Objectives To characterize factors shaping surgery resident confidence and determine whether confidence is associated with future specialty training.
Design Cross-sectional study.
Setting Survey administered at the 2008 American Board of Surgery In-Service Training Examination.
Participants All categorical general surgery residents.
Interventions National Study of Expectations and Attitudes of Residents in Surgery survey. Participants reported demographics and level of agreement for 46 items regarding confidence, training, and professional plans.
Main Outcomes Measures Survey items “My operating skill level is appropriate” and “I may not feel confident enough to perform procedures independently before training completion.” We compared demographics and responses among residents who did/not feel confident.
Results Response rate was 77.4%. Residents who were female, single, or without children and at a lower postgraduate year had less confidence in their operating skill, as did residents at larger, university-based programs, in the northeastern United States. Residents worried about competence were more likely to believe specialty training was needed (71.2% vs 60.2%; P < .001). After adjustment, residents dissatisfied with training were less likely to believe their skills were level appropriate (odds ratio, 0.13; P < .001) as were residents not comfortable asking for help (odds ratio, 0.48; P < .001). After adjustment, women were twice more likely than men to worry about competence after training; single residents were 1.36 times more likely than married residents to believe their skills were not level appropriate. Program location, type, and size remained associated with confidence, as did satisfaction and comfort asking for help. Residents worried about skills were more likely to plan for fellowship.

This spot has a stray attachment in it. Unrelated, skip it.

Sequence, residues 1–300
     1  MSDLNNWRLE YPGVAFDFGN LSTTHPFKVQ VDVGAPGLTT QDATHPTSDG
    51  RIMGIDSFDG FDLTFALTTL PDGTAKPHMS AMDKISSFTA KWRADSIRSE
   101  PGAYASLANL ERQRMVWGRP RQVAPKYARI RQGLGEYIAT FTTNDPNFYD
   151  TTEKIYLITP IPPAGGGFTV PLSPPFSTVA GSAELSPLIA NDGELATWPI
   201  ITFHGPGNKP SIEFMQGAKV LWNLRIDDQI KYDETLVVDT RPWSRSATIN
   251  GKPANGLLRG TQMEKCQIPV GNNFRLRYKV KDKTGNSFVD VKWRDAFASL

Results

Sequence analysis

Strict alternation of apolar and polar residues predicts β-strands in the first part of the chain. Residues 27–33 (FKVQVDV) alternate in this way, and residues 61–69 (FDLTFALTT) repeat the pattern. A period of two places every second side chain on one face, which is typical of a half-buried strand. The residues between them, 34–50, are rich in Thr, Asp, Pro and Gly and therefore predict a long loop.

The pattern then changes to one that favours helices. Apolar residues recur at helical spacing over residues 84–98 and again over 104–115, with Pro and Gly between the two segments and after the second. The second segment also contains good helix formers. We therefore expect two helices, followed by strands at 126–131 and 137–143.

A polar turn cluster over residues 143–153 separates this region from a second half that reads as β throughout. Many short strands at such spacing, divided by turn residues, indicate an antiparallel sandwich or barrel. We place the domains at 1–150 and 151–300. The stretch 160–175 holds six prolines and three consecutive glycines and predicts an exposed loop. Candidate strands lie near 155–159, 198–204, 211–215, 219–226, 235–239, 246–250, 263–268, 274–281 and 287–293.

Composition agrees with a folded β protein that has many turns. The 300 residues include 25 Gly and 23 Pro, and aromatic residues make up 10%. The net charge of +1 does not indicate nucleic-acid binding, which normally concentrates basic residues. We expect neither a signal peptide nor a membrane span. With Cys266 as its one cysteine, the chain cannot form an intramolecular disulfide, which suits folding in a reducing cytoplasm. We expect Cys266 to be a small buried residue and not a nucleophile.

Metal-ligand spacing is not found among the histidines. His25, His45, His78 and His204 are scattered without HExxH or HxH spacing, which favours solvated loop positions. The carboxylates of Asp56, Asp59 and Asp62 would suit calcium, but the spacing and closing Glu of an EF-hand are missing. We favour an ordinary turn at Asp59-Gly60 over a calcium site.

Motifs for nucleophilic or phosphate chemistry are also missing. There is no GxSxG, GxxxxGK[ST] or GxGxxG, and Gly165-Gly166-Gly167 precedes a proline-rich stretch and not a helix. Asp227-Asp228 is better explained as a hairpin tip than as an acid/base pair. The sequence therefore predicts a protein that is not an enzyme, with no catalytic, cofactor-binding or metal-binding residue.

Conclusions Sex, marital status, children, and postgraduate year are predictors of confidence, as are program location, type, and size. Residency programs may target modifiable factors contributing to low surgical confidence.